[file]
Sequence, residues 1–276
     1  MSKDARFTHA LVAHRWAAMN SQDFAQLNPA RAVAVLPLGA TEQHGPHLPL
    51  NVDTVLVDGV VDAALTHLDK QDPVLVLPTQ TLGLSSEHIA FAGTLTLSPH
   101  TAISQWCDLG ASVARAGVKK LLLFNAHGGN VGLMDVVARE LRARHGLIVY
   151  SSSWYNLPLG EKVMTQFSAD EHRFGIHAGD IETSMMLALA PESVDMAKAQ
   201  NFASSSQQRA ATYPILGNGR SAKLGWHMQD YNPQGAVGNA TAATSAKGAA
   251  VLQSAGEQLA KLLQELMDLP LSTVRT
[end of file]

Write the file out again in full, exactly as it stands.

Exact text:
Sequence, residues 1–276
     1  MSKDARFTHA LVAHRWAAMN SQDFAQLNPA RAVAVLPLGA TEQHGPHLPL
    51  NVDTVLVDGV VDAALTHLDK QDPVLVLPTQ TLGLSSEHIA FAGTLTLSPH
   101  TAISQWCDLG ASVARAGVKK LLLFNAHGGN VGLMDVVARE LRARHGLIVY
   151  SSSWYNLPLG EKVMTQFSAD EHRFGIHAGD IETSMMLALA PESVDMAKAQ
   201  NFASSSQQRA ATYPILGNGR SAKLGWHMQD YNPQGAVGNA TAATSAKGAA
   251  VLQSAGEQLA KLLQELMDLP LSTVRT